Liz Adkins becomes first graduate of the 'JAX Track' PHD program

Liz Adkins. Photo: Alonso Nichols and Tufts University.

Five years ago, Liz Adkins was an undergraduate student at Central Connecticut State University, floating between immunology and genetics in the entirely new setting that was Acadia National Park, the picturesque neighbor of The Jackson Laboratory in Bar Harbor, Maine.

Today, she is an avid runner, hiker and health enthusiast, and is on the cusp of starting work as a postdoc at the MDI Biological Laboratory as the first student to be accepted and graduate from the mammalian genetics Ph.D. track, a collaboration between JAX and Tufts University. 

The JAX Track, as it’s called, allows students to rotate studying in both Bar Harbor at JAX and the Tufts Graduate School of Biomedical Sciences. “So before you join the lab, you get to test it out and see if you like it,” Adkins explains.

Adkins’ scholastic experiences have always been trailblazing, even before she sought higher education — she had attended both public and private school, and was even homeschooled for three years.

Adkins recalls wanting to be either a teacher or a writer, but always excelled in the sciences. When her teachers suggested it as a potential career, Adkins was flippant.

“It was cool, but I hadn’t really thought about it,” she said.

After a life-changing chemistry course in her junior year of high school, though, Adkins decided to pursue a major in chemistry, which she eventually changed to biochemistry. Following her passion for education and for research, Adkins then decided to earn a Ph.D. — leading her to the choice between immunology and genetics that put her on her fateful path toward JAX.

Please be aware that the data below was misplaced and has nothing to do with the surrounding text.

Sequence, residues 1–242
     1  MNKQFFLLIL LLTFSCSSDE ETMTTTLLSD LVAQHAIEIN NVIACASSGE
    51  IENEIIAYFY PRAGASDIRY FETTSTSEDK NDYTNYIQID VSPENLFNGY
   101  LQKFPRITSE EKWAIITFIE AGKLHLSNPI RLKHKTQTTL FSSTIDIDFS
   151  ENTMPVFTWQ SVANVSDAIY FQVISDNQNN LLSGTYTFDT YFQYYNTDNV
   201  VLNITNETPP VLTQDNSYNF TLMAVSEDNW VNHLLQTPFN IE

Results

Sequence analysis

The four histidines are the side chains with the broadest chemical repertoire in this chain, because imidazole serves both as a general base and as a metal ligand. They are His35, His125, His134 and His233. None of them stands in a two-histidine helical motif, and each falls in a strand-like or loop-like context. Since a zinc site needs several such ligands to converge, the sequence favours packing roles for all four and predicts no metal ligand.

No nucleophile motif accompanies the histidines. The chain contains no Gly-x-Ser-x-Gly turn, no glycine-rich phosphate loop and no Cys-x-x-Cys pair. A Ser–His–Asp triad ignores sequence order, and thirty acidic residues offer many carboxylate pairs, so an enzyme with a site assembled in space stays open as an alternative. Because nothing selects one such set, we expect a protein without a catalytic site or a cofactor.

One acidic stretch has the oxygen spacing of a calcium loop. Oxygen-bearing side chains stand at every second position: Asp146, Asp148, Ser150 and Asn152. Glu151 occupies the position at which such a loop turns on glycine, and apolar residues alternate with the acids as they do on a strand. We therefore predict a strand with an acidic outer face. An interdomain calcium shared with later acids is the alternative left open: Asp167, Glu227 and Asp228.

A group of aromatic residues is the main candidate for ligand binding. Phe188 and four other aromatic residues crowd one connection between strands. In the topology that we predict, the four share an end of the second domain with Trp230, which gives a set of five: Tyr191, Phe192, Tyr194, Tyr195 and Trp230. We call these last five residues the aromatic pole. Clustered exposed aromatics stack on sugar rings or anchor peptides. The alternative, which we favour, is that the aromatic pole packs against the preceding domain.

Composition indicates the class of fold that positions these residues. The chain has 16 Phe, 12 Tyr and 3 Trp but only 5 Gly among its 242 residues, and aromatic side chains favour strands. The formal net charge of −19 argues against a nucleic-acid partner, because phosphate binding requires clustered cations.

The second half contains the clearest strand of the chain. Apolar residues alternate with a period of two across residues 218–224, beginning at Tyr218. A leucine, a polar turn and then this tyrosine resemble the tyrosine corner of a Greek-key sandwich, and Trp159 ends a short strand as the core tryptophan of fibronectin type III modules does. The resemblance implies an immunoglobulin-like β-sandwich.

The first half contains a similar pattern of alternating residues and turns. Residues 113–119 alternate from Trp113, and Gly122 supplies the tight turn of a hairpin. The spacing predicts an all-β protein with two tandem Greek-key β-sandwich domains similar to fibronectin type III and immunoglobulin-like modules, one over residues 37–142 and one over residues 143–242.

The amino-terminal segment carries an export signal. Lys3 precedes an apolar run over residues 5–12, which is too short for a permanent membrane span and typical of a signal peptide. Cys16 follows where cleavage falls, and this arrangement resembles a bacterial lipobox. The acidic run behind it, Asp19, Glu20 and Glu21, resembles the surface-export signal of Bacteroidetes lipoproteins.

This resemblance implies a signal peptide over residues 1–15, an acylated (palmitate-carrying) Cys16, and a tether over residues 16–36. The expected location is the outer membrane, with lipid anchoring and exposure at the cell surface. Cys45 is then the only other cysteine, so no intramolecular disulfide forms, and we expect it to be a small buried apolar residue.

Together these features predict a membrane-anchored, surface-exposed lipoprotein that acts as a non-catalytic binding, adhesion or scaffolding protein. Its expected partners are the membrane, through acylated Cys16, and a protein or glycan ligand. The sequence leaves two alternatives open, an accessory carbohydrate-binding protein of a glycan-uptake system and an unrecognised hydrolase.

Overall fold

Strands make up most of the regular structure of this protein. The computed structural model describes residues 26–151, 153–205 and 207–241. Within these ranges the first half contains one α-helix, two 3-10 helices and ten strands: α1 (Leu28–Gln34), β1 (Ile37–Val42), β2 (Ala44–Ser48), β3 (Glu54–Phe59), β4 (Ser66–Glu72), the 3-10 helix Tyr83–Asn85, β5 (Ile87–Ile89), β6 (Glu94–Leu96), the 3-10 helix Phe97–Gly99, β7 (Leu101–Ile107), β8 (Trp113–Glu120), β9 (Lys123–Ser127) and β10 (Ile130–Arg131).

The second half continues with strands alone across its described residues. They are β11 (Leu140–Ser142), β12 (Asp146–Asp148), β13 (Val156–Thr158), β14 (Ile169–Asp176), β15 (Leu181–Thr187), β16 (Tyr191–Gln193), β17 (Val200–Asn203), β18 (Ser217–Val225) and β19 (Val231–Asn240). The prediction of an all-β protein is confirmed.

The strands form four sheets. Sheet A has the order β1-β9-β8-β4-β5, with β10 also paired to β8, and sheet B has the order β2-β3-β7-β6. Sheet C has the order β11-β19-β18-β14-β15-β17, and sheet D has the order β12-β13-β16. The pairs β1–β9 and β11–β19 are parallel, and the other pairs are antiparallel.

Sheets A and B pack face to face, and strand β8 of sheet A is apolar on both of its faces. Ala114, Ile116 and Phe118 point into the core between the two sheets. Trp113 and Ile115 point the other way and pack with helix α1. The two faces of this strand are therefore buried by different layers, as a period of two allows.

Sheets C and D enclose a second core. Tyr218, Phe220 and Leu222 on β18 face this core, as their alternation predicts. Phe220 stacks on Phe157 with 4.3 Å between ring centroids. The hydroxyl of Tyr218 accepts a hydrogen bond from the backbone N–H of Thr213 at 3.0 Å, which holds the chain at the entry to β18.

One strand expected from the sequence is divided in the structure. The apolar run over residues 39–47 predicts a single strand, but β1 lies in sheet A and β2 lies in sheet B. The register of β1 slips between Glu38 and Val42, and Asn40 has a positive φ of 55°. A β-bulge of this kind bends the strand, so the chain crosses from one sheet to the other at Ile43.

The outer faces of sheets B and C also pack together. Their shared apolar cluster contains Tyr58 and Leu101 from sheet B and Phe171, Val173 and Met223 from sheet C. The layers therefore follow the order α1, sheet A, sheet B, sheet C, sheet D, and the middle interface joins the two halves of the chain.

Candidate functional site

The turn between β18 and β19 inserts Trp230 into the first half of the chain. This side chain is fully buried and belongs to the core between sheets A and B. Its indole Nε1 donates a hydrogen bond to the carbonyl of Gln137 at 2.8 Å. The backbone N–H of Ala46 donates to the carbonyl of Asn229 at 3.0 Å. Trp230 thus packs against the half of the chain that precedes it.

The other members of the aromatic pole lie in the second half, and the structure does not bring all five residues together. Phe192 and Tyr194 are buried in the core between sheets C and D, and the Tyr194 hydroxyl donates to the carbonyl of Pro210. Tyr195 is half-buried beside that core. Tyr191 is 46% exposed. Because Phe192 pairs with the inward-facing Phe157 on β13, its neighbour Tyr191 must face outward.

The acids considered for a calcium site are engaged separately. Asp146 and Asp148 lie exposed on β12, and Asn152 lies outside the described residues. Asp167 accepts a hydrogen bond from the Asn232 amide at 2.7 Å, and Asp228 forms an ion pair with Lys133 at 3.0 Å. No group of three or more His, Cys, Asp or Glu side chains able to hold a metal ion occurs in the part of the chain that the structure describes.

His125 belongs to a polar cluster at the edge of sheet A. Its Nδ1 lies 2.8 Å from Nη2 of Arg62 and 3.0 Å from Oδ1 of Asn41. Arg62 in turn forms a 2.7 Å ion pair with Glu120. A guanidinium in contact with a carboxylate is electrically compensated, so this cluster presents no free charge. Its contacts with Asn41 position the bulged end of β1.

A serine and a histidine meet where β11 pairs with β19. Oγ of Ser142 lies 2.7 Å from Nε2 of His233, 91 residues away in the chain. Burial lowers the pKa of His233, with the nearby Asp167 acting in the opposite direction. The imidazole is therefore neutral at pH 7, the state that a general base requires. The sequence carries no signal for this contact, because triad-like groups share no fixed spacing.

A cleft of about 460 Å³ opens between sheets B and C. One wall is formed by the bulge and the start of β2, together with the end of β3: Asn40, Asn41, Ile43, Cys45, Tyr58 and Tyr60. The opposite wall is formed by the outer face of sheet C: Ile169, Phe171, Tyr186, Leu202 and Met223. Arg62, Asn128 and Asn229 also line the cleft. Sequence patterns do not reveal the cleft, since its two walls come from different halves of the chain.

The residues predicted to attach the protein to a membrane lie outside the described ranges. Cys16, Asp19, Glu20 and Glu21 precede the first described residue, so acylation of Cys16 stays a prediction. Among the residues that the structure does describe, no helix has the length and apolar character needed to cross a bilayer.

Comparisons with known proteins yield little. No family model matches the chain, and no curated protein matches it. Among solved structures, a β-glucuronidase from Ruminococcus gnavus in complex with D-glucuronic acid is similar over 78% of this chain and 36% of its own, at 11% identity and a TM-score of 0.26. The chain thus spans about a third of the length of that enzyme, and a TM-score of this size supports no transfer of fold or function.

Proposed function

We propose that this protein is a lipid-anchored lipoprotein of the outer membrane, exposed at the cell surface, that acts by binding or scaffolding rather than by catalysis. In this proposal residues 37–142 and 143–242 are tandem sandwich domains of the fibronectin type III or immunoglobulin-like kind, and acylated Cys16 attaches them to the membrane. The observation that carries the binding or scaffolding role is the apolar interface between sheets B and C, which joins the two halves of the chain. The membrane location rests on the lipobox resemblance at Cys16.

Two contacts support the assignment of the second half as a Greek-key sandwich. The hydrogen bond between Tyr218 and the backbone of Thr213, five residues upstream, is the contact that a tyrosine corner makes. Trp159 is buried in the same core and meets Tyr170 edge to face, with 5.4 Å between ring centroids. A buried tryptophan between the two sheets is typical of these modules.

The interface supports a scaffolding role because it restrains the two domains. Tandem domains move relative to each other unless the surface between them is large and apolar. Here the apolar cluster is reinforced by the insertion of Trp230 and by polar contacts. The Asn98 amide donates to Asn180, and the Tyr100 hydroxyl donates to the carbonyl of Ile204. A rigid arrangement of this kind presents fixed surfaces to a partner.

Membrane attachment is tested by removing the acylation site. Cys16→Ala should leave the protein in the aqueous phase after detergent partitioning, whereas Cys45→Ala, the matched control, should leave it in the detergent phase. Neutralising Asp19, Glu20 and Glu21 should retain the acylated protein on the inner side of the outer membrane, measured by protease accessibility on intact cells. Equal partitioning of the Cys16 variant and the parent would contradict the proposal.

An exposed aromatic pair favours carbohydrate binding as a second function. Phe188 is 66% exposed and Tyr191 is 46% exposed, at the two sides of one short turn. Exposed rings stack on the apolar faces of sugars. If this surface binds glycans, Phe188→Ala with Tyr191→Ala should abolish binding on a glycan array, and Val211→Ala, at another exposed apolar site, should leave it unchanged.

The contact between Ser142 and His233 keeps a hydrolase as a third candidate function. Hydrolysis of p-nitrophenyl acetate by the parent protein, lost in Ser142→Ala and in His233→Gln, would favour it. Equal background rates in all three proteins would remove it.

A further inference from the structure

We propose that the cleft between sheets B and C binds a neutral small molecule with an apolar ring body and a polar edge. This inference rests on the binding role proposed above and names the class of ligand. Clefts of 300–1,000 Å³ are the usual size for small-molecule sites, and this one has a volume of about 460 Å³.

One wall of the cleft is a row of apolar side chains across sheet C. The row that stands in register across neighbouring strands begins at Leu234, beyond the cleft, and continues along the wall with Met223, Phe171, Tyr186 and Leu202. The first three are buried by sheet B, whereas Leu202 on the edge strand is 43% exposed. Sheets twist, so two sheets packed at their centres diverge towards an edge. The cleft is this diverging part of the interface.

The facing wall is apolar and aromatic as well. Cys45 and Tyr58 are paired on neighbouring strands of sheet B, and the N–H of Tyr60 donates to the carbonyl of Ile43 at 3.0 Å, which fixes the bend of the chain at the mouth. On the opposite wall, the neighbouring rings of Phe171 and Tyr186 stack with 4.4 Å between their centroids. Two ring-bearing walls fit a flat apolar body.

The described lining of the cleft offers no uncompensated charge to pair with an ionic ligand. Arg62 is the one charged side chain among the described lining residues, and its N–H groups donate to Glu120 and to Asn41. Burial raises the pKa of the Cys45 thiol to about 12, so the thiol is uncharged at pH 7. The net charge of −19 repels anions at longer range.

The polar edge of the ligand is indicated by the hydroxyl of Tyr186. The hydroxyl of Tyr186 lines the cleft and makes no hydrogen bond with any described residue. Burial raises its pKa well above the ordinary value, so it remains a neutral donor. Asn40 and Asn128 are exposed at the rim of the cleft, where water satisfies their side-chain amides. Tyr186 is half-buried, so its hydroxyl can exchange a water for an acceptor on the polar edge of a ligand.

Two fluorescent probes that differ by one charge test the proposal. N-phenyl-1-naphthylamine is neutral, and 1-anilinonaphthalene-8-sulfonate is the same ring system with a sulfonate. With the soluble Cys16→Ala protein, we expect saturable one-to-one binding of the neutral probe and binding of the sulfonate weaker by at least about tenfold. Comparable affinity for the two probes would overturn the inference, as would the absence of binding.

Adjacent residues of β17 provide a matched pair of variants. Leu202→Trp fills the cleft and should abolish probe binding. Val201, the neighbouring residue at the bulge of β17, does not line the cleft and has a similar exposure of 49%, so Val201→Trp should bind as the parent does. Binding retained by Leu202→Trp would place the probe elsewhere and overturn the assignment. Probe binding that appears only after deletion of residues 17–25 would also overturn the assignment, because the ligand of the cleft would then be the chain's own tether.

Having conducted research in the lab of JAX Professor Derry Roopenian, Ph.D., the focus of Adkins’ research was lupus, an autoimmune disease.

“Instead of attacking foreign bacteria or viruses, the patient’s immune system is actually instead attacking itself,” Adkins explains. Springboarding from the fact that lupus patients often died of kidney failure before they could be treated for the disease, Adkins decided to investigate the mechanism of lupus in a mouse model.

Now, she is studying follicular T Cells, which produce a protein (interleukin 21) that is linked to the presence of many autoimmune diseases when present in excess. Her dissertation defense, given August 5, was entitled “Characterization of a Novel Population of Follicular T Cells in Health and Disease.”

It wasn’t only the decisions made over the long course of the JAX mammalian genetics course that altered Adkins’ life in the five years since her arrival in Bar Harbor: she had chosen this setting, and not the Tufts facilities in Boston, because she so greatly appreciated the scenery in Acadia.

“When I moved here from Connecticut, I was pretty unhealthy,” Adkins says, having been initially drawn by the atmosphere of the picturesque Bar Harbor area. But she credits the many hiking paths on Mount Desert Island and the freely available JAX fitness center for the physique she has earned today. She plans to run her first marathon in Portland October 2.

 “It’s a lot easier to adapt to new habits when everything else is changing anyway,” she says.

Tamsyn Brann is a rising senior at Ardsley High School in Ardsley, New York. As the science writing intern with the JAX Summer Student Program. Follow Tamsyn's journey as a summer student on Instagram (@jaxlab), where she is sharing her adventures through selfies, tagged #ScienceSelfie.